Most people would cringe at the thought of a government controlled by a handful of individuals who base their decisions on what serves their own interests and only share as much of the nation’s resources with the citizenship to facilitate that end. Why then, are we so accepting of this structure as the status quo for businesses?
In this series of articles, we will review the current mechanisms by which corporations are run, look at an alternative to that model, discuss its advantages/disadvantages and examine some real examples of companies that have embraced this new method of Worker Coops.
In a conventional for-profit company, ownership lies in the hands of the shareholders, which usually does not consist of the employees, though some have implemented token stock ownership programs as an employee benefit. A corporation’s primary goal is to maximize profits for the ownership and increase the value of its shares. This is, in fact, a requirement under the fiduciary duty assigned to a corporation’s board of directors. In other words, the board is legally required to conduct itself for the best interest of the shareholders.
To put it another way, corporations are structured such that their leadership is legally bound to find the best way to make shareholders more money. This means everything is on the table when it can further that end, including paying employees the least amount it can get away with, cutting jobs, reducing the quality of the product/service to the bare minimum without sacrificing earning ability and only investing resources internally if it improves profitability somehow.
Based on this, you may wonder why a corporation would ever bother to do anything on behalf of its employees, like provide benefits, offer vacations or office perks. Sadly, these things are rarely the result of concern for the well being of the staff. It’s simply more profitable to provide a certain level of benefit to the employees in order to have a team with a sufficient skill set to operate the business. In other words, if a business knew that they could have the same staff without any of these programs in place, they just wouldn’t have them anymore unless they were required by government regulations like minimum wage, FMLA and PPACA.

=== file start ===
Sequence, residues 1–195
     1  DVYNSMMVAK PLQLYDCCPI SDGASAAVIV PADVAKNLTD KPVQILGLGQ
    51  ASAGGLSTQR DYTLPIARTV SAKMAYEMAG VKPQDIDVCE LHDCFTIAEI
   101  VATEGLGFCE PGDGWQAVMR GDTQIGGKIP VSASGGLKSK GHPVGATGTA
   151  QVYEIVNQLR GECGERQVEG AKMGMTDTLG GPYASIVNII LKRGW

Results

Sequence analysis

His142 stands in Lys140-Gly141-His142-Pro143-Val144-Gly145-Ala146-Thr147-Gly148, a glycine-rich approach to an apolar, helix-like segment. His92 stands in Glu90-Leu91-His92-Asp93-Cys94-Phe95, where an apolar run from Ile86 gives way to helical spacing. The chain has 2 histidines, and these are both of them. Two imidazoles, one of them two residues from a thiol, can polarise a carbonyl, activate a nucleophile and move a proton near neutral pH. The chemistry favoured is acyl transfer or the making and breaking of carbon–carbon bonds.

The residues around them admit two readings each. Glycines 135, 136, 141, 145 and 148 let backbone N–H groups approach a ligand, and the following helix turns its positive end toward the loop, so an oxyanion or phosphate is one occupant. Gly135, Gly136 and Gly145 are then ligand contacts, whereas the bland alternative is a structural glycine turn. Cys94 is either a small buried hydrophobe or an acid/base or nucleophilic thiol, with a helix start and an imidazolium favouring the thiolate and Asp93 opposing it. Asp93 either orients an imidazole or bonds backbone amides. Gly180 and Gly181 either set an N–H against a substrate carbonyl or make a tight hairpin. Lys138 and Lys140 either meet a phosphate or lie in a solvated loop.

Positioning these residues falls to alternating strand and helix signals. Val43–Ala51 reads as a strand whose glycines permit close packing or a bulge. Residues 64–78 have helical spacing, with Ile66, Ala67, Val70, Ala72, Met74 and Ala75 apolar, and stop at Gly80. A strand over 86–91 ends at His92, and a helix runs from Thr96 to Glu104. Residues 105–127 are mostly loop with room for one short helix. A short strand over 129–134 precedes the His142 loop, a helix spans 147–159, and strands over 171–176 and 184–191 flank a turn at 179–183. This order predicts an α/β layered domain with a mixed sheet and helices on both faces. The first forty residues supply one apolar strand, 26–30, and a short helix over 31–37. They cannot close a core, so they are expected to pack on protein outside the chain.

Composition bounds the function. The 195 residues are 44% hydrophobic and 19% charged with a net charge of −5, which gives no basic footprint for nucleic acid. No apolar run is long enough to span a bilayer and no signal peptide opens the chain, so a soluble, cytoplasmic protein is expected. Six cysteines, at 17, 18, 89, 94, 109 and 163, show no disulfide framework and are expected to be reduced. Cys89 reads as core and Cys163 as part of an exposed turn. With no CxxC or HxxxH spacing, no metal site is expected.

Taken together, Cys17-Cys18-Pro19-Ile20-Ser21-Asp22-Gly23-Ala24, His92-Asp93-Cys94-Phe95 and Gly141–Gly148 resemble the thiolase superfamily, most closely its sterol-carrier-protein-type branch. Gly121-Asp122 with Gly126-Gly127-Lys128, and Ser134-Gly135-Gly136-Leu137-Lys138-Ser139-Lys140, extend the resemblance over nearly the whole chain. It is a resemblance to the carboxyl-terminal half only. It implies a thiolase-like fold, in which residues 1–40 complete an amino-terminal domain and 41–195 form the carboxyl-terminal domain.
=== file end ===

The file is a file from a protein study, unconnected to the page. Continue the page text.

Without getting into the impact and origin of every piece of legislation that regulates how businesses and corporations may conduct themselves, it’s important to understand why these kinds of laws were written in the first place. Recall that industry in a capitalist marketplace will always look to achieve the holy trinity of faster, better, cheaper in order to gain more market share and earn higher profits. Also bear in mind that economic systems are essentially amoral, meaning they don’t have any moral or ethical requirements one way or the other. As a result, without any restrictions from another authority, industry has historically sought to maximize profits regardless of the moral/ethical consequences. Examples like child labor, slavery and monopolies are just a few behaviors that were only curtailed through legislative action.
In between these landmark occasions where governance serves the public interest on deeply rooted ethical beliefs, industry and labor lobbyists have played a cat and mouse game on Capitol Hill to gain ground for their respective constituents. This has created an enormously complex system filled with loopholes and selectively beneficial legislation. But why has this been necessary? Is there something that is inherently driving this tension between labor and management? The answer to that lies in the contradiction of incentives traditional corporations are built upon. In other words, because the corporation is only concerned with the bottom line of maximizing profits, it’s decisions and behavior can go against the interests of its employees, who turn to labor advocates to protect themselves.
What if instead of seeking to maximize profits and share prices, a corporation was required to maximize the net worth of all of its employees? To put it another way, imagine a corporation that was owned entirely by the employees who worked there. This would instantly align the goals of the corporation with the welfare of its staff because they would be the only shareholders. This concept has been deployed by thousands of companies employing millions of people in the form of Worker Cooperatives.
Cooperatives commonly divide ownership of the company among all of the employees, who all possess an equal vote in deciding what the company does and share in the profits it yields. These worker-owners usually elect a board of directors who may, in turn, hire management and acquire resources to help grow the business. As a consequence, the leadership of the company is accountable to the employees. It’s a challenging concept to grasp for many who have been habituated to the standard corporate model. However, it’s a system that should resonate with every patriotic cell in your body because it’s essentially based on the principles that most countries in the world have embraced as fair, just and in the interests of the people. Yes, that’s right, you’re looking at a democracy!
In our next piece, we will dive into the pros and cons of the worker cooperative compared to conventional corporations and whether they provide a viable structure for forming a successful business.